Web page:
Tyre care for motorhomes and caravans

Motorhome driving in countryside

The dangers

A tyre blow-out can be a catastrophic event, especially if you are travelling at speed with your caravan trailing behind you. Any tyre failure in these circumstances can lead to instability and imbalance – the safety and financial implications of this do not bear thinking about.

Delamination

This is where the thread detaches from the casing of the tyre, which can result in a tyre with a flailing thread devouring the side of your bodywork. This can lead to huge repair bills, or worse still, a serious accident.

Why would delamination occur? Well, this can be due to age, standing and poor pressure maintenance. 

Here, we will look at the precautions you can take to reduce the chances of a disaster:

  • Use the correct tyres for your motorhome or caravan: At purchase prices around 15% cheaper than dedicated motorhome tyres, van tyres (LCV) have their appeal. However, while legal to use on a motorhome, they are not designed for this use. LCV tyres generally go through periods of load and unload, whereas motorhomes can be consistently laden.

Motorhome tyres also have thicker walls and are designed for heavy loads, so can often operate at higher pressures. Overall, dedicated motorhome tyres offer better value for money, last longer, and provide a superior driving experience.

  • Check your caravan tyres regularly: You should periodically check for any cuts or cracks to the surface and any lumps which indicate the surface has weakened, to the extent that air is pushing the inside out. Any weakening of the tyre walls is particularly dangerous. Remove any stones that may be lodged in the tread.
  • Replace ageing tyres: With caravan and motorhome tyres, it’s wise to consider renewal when they are somewhere between five and seven years old – even when there may be plenty of tread left on them. Ultra-violet radiation and atmospheric ozone have an ageing effect on tyres, which can make a sudden failure more of a possibility.

Where do you find the age of the tyres? This is is marked on one of the side walls. If you are lucky, it will be facing you, but could also be on the inside wall of the tyre. It will show the week and year in numbers, e.g. (08 07) would signify the tyre was manufactured in the 8th week of 2007.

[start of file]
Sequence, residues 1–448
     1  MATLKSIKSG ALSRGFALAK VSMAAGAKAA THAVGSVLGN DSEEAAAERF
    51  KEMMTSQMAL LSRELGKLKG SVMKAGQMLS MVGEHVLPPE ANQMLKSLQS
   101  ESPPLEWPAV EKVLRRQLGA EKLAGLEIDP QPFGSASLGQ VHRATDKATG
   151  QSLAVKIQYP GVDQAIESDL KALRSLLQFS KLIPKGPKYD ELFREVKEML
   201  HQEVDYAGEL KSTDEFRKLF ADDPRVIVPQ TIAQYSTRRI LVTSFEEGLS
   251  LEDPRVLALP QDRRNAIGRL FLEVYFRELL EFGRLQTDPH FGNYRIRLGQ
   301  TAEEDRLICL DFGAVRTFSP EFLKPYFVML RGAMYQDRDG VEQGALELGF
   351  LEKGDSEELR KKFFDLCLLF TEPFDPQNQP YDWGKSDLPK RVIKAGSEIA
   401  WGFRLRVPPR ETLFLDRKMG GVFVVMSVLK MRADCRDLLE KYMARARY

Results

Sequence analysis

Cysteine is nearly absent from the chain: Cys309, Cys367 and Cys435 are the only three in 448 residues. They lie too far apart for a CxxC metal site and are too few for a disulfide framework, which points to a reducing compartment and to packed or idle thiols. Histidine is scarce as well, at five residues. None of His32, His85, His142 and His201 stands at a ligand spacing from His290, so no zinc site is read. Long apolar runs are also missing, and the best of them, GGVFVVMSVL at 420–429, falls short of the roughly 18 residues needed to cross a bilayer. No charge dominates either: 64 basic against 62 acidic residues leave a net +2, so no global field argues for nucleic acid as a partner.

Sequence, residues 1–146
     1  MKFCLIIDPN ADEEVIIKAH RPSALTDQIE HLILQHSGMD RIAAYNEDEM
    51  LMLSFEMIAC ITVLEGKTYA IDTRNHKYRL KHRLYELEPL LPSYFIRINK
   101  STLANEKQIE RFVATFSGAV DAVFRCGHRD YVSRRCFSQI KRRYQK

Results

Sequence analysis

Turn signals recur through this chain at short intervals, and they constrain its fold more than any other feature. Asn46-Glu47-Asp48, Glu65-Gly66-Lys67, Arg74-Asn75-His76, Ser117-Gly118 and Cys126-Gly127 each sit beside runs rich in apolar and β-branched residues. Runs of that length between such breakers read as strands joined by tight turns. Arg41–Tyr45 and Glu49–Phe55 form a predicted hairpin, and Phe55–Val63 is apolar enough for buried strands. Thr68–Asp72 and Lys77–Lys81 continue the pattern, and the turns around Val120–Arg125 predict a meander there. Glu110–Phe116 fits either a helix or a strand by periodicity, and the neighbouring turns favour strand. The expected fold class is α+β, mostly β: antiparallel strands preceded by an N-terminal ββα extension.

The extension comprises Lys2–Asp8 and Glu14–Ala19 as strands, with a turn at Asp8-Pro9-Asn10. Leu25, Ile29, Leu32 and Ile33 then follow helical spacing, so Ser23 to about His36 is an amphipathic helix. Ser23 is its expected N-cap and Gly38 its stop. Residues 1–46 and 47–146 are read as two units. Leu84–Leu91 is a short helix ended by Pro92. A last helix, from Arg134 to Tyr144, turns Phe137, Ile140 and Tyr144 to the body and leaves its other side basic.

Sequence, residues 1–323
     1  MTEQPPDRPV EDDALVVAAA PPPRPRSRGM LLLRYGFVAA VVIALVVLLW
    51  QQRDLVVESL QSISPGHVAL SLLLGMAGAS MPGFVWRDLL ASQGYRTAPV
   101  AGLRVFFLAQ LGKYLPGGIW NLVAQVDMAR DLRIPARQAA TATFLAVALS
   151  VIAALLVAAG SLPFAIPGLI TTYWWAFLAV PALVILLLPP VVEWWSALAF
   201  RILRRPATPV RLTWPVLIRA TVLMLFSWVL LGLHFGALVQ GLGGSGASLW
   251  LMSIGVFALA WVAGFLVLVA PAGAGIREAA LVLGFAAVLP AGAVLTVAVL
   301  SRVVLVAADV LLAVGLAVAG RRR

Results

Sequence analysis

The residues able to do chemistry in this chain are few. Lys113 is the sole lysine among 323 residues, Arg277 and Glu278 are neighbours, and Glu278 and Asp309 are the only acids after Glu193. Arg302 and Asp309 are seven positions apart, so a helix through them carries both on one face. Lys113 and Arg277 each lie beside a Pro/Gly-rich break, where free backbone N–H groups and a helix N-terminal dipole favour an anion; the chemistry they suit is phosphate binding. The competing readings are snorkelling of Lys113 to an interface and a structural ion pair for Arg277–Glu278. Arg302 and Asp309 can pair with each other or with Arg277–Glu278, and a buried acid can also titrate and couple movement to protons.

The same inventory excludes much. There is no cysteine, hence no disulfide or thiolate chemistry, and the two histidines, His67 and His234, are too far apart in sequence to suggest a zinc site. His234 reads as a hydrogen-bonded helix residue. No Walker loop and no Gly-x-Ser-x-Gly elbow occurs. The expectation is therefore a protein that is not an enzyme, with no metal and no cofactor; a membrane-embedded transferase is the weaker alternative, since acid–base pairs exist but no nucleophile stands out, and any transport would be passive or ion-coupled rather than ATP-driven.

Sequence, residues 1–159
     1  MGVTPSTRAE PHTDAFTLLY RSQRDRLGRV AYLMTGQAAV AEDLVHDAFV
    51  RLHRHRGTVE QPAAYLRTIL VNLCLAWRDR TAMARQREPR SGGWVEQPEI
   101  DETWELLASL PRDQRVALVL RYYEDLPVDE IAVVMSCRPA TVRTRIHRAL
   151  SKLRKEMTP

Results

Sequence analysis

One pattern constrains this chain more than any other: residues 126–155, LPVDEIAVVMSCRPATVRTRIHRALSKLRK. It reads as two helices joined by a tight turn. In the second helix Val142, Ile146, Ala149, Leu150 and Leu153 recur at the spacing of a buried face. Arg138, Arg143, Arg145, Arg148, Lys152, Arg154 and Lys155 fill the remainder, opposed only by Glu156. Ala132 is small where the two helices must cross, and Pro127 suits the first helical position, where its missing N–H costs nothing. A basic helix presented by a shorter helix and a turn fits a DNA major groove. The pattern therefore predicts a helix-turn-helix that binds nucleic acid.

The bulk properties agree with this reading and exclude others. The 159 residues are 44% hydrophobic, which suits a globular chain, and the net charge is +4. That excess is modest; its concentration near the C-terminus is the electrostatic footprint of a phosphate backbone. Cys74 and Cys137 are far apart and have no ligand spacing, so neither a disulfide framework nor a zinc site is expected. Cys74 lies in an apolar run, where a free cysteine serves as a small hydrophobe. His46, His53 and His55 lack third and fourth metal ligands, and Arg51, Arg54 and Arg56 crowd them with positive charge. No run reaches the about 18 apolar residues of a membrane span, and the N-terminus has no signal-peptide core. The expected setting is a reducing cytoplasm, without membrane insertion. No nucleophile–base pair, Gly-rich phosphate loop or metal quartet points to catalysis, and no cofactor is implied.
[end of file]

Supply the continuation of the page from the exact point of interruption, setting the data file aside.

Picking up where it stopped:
• There are specific tyre pressures for caravans and motorhomes: Check tyre pressures before every journey (when the tyres are cold) using an accurate and reliable gauge such as the ones found in a petrol station. Tyre pressures are measured in pounds per square inch (PSI).

Tyres for motorhomes and caravans require higher tyre pressures than cars, due to their weight. This is especially true of motorhomes, which can sometimes be over 3,000kg. Don’t make the mistake of assuming your caravan or motorhome requires the same tyre pressure as your car.

Adjust pressure in line with the vehicle manufacturers’ recommendations, considering any additional load. Usually the correct pressures can be found in the vehicle handbook, the plate on the driver’s door sill, or the fuel filler cap.

If you can’t obtain any information regarding the correct tyre pressures, contact your vehicle manufacturer.

  • Tread: Check tread depth! The current legal requirement across the UK and Europe is 1.6mm across the central three quarters of the tyre. It is advisable if you are going away for a long trip to ensure you are over 3mm.

As well as the safety implications of travelling on an insufficient tread, the fine for each tyre is £2,500, and three points on your licence.

  • Overloading: Ensure that you are operating within the tyre’s maximum operating weight, as an overloaded tyre will overheat and will increase the risk of a blowout.

Again, stressing the importance of using the correct tyres: a tyre with a lower load index than the caravan or motorhome manufacturer’s specifications can easily become overloaded. 

  • Tyre degradation due to standing: Avoid leaving a vehicle unused for many months between holidays, as this can cause flat spots or side-wall deformities, which can cause failures when back in use.
  • Don’t take chances: Your family’s safety is your first priority, so take the time to ensure your motorhome or caravan tyres are in tip-top condition before leaving for that well-earned break. The best break is one where you remember the high spots of your time away, not the trials and tribulations encountered as a result of your equipment’s failure.

Sources

https://www.tyresafe.org/wp-content/uploads/2015/12/caravan-leaflet.pdf (PDF 1.7MB)
https://www.davan.co.uk/phantom-tyre-protector/
http://www.tyron.co.uk/about-history/http://www.tyron.co.uk/about-history/